Lobby group calls fro SANParks to address Table Mountain bark stripping

Posted by David Henning on 27 June 2022

Friends of Table Mountain (FOTM), a lobby group, has raised the alarm regarding the continued damage to Table Mountain’s limited and treasured indigenous forests.

The group’s members have two areas of concern: Newlands Forest and the Afro-montane forest above Kalk Bay, in Echo Valley.

Bark stripping is a common occurrence in Newlands Forest, where the bark of certain trees is used in traditional medicine. Unfortunately, this is not done sustainably, and the trees are often ring-barked.

Ring-barking is the complete removal of bark around the circumference of the tree, which prevents water and nutrients from reaching the upper levels of the tree, eventually killing it.

While some bark-strippers have been caught in Newlands Forest, the area is too large to patrol and Willem Boshoff, of the FOTM and Newlands Forest Conservation Group, says the current approach is not working. A more proactive approach is required, Boshoff says.

Echo Valley is a lesser-known bark-stripping area. Here, the issue is being investigated by former professor of biological sciences at the University o Cape Town, Edmond February.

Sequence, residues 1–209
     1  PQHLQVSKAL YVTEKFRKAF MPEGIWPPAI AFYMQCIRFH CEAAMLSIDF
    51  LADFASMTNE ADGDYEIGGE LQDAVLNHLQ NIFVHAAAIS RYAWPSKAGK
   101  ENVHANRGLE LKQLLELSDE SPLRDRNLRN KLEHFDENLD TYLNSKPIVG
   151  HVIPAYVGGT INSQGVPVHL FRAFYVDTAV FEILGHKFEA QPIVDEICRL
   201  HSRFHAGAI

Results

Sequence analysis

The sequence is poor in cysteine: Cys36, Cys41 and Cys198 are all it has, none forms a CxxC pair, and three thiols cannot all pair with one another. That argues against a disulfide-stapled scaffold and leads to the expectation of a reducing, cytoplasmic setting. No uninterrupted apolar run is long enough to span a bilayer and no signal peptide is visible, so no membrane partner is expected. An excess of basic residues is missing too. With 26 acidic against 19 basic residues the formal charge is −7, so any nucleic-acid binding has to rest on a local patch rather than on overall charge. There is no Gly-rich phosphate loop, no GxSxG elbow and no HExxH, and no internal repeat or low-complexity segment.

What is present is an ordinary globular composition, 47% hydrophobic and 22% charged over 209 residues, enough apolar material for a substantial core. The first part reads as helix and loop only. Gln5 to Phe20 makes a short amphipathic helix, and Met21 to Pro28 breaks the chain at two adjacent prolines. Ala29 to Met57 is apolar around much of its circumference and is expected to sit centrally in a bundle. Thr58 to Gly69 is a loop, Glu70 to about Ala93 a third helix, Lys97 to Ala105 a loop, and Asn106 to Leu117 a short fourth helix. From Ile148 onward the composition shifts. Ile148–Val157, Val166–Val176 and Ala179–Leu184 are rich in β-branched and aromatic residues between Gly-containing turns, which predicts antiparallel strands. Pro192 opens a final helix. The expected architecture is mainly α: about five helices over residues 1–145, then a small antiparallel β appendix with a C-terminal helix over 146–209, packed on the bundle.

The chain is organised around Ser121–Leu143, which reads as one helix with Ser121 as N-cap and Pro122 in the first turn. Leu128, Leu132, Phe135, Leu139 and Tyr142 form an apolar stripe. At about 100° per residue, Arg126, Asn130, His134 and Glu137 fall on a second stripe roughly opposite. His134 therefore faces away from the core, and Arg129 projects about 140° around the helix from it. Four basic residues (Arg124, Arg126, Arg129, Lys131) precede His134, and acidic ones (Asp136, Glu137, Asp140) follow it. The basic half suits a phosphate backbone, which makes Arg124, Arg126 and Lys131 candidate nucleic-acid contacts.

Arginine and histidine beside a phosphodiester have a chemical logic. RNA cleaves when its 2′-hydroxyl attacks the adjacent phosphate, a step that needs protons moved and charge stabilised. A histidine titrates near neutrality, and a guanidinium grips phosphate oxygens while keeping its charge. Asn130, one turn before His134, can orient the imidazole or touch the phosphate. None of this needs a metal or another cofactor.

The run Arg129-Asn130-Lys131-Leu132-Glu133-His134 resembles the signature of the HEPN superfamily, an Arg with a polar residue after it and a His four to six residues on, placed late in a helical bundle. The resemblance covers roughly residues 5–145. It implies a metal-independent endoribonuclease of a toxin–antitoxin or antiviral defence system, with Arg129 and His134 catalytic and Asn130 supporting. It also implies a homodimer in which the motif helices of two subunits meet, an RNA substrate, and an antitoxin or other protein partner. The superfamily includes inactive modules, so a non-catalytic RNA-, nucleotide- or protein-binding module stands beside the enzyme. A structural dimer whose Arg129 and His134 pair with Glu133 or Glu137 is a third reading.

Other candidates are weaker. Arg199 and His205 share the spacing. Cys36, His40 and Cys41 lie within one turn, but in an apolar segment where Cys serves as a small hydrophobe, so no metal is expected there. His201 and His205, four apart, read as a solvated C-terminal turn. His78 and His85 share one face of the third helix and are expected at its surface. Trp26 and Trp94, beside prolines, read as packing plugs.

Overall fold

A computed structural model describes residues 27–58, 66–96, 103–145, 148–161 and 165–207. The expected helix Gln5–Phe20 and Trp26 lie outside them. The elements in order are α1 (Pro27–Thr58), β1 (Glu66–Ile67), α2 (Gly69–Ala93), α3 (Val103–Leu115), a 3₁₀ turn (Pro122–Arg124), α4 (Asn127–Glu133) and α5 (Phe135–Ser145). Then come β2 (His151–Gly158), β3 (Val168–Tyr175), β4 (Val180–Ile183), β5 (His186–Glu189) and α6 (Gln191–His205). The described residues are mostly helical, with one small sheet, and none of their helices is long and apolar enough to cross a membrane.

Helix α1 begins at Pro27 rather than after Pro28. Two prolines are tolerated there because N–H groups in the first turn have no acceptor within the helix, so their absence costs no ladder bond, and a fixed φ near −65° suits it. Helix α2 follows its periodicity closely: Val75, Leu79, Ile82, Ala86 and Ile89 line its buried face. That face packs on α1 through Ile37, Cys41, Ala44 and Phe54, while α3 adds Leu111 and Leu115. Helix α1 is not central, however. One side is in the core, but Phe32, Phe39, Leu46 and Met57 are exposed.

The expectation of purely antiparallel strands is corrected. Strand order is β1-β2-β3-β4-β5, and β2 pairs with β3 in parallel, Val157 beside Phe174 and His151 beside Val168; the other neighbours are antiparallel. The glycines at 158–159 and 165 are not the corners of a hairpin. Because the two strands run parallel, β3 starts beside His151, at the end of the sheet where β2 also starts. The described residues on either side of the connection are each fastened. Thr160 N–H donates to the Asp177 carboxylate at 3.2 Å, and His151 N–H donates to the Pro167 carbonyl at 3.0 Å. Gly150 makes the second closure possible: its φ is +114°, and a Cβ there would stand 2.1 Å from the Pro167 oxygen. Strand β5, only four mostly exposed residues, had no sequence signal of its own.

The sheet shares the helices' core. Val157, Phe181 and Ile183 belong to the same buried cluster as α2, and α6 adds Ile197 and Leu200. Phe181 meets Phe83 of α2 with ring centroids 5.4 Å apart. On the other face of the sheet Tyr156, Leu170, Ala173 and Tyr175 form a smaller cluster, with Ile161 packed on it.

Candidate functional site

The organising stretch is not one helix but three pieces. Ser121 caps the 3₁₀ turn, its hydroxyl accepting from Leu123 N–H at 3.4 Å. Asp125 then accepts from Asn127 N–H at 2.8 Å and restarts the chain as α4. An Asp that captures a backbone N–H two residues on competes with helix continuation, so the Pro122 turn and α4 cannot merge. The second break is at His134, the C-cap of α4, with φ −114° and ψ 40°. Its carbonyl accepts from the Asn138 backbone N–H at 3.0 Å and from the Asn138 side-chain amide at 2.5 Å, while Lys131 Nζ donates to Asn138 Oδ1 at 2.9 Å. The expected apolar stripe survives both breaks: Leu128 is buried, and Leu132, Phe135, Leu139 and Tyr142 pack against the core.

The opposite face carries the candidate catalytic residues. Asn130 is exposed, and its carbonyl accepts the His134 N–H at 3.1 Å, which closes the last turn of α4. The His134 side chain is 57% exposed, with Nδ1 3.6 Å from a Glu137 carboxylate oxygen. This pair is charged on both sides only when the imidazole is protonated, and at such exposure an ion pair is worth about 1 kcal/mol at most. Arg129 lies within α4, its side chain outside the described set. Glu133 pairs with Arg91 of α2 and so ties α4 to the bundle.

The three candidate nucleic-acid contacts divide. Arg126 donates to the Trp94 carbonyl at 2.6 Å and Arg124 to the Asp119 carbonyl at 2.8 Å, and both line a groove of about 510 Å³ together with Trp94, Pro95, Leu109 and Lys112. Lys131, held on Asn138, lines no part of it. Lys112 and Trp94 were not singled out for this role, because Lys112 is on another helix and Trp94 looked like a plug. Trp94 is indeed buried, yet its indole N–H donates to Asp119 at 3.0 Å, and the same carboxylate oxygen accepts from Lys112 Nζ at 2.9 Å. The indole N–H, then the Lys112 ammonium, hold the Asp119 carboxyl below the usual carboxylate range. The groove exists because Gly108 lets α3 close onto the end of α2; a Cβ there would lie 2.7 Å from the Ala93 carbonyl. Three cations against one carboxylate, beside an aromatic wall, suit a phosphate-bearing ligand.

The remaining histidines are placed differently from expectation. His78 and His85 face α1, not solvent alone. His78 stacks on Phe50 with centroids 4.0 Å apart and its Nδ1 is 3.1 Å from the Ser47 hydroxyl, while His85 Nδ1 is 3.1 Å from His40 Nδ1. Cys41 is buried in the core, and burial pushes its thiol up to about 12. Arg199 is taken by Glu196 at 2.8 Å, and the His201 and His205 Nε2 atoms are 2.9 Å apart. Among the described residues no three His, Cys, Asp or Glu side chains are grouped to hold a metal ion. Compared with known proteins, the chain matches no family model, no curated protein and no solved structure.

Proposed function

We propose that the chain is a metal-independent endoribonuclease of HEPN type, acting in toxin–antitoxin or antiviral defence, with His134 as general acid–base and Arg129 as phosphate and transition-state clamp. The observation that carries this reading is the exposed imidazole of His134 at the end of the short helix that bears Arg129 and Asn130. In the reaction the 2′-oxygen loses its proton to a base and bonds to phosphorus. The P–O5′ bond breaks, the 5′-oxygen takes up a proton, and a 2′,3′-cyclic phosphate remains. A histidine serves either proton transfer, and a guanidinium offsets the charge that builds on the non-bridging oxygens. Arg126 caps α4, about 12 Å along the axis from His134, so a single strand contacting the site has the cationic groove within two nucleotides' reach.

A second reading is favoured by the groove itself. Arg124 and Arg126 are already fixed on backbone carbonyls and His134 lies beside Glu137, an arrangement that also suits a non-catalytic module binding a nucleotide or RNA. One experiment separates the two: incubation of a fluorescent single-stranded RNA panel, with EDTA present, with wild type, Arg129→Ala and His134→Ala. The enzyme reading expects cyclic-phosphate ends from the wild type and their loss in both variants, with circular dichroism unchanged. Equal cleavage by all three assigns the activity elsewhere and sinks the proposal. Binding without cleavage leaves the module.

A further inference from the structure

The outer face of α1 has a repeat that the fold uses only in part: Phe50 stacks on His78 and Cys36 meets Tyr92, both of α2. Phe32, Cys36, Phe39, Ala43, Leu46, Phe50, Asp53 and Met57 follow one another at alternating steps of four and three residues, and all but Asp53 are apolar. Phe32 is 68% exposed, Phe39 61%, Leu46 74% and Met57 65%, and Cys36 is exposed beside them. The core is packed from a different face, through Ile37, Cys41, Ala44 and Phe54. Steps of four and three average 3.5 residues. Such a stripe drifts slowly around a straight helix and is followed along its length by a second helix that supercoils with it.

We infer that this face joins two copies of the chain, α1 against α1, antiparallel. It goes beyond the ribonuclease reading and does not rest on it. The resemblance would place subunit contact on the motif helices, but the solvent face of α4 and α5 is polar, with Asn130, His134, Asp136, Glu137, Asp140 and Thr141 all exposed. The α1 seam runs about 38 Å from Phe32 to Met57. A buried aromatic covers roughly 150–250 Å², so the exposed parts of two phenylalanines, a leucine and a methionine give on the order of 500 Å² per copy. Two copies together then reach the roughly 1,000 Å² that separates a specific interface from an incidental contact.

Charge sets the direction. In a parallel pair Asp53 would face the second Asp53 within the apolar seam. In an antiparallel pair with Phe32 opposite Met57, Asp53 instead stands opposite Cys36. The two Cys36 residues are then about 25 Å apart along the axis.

He reported that a substantial number of indigenous trees had been cut down completely and several had had branches cut down.

In an open letter, the FOTM has requested:

  1. Pro-active ranger patrols: SANParks rangers need to patrol these hotspots, particularly at night when these environmental crimes take place. It would be very easy for SANParks to police the few entrances to these areas, particularly at night and on weekends.
  2. Use of K9 unit: SANParks needs to use its K9 unit more effectively, especially at night when the dogs’ senses are far better equipped for detecting suspicious people.
  3. Continuous use of monitoring technology: the use of cameras with night vision capabilities and 24/7 monitoring will help the prevention of these problems. The lobby group recommends a system that is in place on all major access routes, with a standby team to act once any suspicious activity is picked up.
  4. Table Mountain National Park hotline: the FOTM has been calling for a hotline for some time for the public to report suspicious activity directly to SANParks, such as bark stripping and overnighting. The FOTM has facilitated the community safety app BUZZER to SANParks for free, but to date, SANParks has not acted on this offer.


Floating Forest at Milano Design Week 2022

yoast-primary - 1004431
tcat - Travel news
tcat_slug - travel-news
tcat2 - Travel news
tcat2_slug - travel-news
tcat_final -